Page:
Yet, from the public official perspective, not much emphasis has been placed on the fact that this was not an isolated incident, that the refinery has been a danger to surrounding communities and the entire city, and that people have been getting hurt by that refinery for quite a long time. In some cases, high incidents of cancer in neighboring communities have resulted in some of the highest mortality rates in Philadelphia. Given the proximity of that refinery, the largest and oldest of its kind in the United States, to residential neighborhoods, this latest disaster represents a new wrinkle in the ongoing discussion over the disproportionate exposure of vulnerable Black, Brown and low income populations to heavy polluting chemical and fossil fuel sites.

Philadelphia is a city of 1.6 million where nearly half the population identifies as Black. The PES refinery, according to the NAACP’s 2017 “Fumes Across the Fence Line report: 

… is responsible for 72 percent of the toxic air emissions in Philadelphia, which contributes largely to a citywide child-hood asthma rate that is more than two times the national average.62 Toxics released from the refinery include ammonia, hydrogen cyanide, benzene, and sulfuric acid, which cause effects ranging from headaches to cancer.

Chronic disease rates are rather high. Local environmental advocacy group PhillyThrive has been highlighting this for years now, capturing it in a 2017 survey of residents around the PES refinery, finding that:

  • 33.9% of participants living near the refinery had asthma at some point in their life, compared to the national average of 7.7%1.
  • 52.6% of respondents living near the refinery had one or more of the following health conditions: asthma, heart disease, cancer, or another respiratory condition.
  • 82% of respondents expressed negative feelings about the PES refinery, with the top critique being that it’s dangerous, a hazard and a health concern.
  • 95% of people who live near the refinery wanted the city to consider having polluters like PES pay for the damages they have caused.

It is particularly bad when an authoritative national report on toxic pollution sites that impact Black populations highlights the PES refinery as one of the top five offenders. Here are some glaring infographics from the NAACP report which underscore that fact:  

In addition, cancer mortality rates are among the highest in the area where the PES plant is situated in Philadelphia, according to the Philadelphia health department’s own disease mapping data …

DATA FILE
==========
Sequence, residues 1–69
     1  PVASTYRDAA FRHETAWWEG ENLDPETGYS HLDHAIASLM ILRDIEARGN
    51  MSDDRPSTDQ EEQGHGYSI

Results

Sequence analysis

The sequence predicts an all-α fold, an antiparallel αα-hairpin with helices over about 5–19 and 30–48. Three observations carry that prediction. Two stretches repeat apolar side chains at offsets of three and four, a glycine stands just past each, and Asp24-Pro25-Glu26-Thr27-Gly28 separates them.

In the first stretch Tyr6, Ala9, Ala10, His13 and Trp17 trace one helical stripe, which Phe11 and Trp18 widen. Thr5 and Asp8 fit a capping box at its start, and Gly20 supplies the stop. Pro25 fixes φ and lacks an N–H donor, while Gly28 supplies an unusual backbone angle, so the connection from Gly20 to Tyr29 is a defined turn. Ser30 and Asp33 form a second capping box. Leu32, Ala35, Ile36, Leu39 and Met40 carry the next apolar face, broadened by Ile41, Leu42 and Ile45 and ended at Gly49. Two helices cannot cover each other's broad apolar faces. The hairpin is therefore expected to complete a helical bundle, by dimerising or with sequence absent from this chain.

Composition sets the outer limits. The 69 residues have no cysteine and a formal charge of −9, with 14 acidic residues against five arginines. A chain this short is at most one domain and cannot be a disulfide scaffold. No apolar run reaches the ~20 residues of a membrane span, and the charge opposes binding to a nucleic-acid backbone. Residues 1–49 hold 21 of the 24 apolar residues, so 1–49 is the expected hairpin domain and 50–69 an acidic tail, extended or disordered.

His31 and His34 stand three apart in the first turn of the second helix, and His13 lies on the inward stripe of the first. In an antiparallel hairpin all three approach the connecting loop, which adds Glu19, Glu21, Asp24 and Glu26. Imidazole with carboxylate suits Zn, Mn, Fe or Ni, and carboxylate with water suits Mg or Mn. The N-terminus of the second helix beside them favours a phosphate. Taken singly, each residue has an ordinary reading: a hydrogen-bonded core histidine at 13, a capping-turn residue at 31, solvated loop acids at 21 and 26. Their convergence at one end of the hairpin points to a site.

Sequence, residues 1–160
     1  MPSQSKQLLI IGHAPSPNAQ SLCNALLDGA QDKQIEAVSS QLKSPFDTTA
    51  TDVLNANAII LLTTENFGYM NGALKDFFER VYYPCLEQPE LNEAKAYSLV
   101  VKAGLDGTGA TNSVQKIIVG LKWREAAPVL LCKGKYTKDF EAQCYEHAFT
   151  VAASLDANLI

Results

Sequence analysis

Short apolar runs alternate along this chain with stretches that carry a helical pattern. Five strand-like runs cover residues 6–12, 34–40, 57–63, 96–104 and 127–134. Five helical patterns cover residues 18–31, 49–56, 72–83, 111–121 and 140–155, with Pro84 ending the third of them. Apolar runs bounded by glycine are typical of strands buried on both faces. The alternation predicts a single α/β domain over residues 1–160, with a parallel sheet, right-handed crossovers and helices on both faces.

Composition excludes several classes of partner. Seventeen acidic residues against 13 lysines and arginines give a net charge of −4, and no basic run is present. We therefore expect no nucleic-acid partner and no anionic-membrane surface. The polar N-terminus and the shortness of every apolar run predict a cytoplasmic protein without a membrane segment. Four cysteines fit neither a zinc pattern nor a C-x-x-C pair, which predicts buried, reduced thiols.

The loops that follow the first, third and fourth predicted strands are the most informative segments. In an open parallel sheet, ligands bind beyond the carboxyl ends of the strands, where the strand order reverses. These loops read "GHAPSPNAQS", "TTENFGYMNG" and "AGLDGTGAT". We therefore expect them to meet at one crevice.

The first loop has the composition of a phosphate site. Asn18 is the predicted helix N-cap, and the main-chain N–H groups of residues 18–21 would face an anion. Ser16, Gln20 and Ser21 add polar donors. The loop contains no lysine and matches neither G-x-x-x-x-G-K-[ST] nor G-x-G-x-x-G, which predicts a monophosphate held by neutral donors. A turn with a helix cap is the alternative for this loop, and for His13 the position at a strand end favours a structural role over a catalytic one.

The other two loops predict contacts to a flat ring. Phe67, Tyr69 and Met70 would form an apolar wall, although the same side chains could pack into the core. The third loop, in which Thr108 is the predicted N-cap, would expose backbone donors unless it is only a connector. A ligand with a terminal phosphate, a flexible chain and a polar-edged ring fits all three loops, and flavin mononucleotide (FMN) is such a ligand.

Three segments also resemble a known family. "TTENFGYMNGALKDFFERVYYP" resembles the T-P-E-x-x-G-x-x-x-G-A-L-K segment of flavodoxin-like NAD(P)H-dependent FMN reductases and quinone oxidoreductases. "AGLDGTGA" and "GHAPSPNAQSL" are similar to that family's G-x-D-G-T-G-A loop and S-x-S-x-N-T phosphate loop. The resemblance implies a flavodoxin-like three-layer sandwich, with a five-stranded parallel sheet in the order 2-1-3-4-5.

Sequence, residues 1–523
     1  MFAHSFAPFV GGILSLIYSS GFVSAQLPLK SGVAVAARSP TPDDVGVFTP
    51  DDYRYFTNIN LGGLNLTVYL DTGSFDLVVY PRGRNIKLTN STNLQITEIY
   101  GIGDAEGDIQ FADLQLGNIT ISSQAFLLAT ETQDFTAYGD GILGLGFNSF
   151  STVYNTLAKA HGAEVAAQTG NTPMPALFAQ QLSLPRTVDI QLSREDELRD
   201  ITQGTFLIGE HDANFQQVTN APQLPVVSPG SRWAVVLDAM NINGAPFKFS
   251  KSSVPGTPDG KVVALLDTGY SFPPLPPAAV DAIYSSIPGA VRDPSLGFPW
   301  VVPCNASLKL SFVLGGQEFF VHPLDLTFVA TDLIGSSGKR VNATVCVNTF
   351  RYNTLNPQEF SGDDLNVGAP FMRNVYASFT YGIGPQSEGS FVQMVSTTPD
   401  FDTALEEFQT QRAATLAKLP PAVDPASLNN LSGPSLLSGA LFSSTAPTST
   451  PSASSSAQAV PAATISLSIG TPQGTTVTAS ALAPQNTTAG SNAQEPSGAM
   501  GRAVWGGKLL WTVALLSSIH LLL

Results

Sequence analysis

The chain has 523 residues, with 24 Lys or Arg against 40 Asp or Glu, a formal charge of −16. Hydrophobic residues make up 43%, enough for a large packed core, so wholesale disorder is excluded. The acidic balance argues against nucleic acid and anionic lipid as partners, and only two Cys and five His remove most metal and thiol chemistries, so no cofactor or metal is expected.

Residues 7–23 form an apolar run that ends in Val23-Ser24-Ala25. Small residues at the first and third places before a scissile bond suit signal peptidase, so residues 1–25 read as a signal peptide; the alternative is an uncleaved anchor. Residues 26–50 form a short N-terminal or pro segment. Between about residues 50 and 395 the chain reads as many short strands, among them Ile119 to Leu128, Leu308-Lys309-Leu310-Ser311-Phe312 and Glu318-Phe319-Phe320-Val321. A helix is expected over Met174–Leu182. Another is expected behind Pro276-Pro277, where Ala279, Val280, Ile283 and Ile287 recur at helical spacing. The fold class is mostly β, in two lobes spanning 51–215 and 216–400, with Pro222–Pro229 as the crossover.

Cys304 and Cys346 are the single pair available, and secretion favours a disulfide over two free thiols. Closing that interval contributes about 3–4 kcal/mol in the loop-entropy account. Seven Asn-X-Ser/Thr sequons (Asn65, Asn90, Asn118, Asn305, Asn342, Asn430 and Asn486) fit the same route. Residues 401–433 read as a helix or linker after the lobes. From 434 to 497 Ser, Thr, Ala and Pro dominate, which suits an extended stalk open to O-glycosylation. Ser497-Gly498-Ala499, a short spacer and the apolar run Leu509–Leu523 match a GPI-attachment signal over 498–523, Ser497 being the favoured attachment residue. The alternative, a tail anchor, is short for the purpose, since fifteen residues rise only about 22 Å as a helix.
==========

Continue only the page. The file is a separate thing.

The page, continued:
Image result for maps of philadelphia cancer rates

This is not at all an unusual occurrence.  It is a tragic constant in places where there are high concentrations of Black, Brown, Indigenous and other populations. A recent 2019 Proceedings of the National Academy of Sciences (PNAS) report shows glaring pollution inequity impacting Black and Latino populations, as well ….

Researchers note further that …

Fine particulate matter (PM2.5) air pollution exposure is the largest environmental health risk factor in the United States. Here, we link PM2.5 exposure to the human activities responsible for PM2.5 pollution. We use these results to explore “pollution inequity”: the difference between the environmental health damage caused by a racial–ethnic group and the damage that group experiences. We show that, in the United States, PM2.5 exposure is disproportionately caused by consumption of goods and services mainly by the non-Hispanic white majority, but disproportionately inhaled by black and Hispanic minorities. On average, non-Hispanic whites experience a “pollution advantage”: They experience ∼17% less air pollution exposure than is caused by their consumption. Blacks and Hispanics on average bear a “pollution burden” of 56% and 63% excess exposure, respectively, relative to the exposure caused by their consumption. The total disparity is caused as much by how much people consume as by how much pollution they breathe. Differences in the types of goods and services consumed by each group are less important. PM2.5 exposures declined ∼50% during 2002–2015 for all three racial–ethnic groups, but pollution inequity has remained high.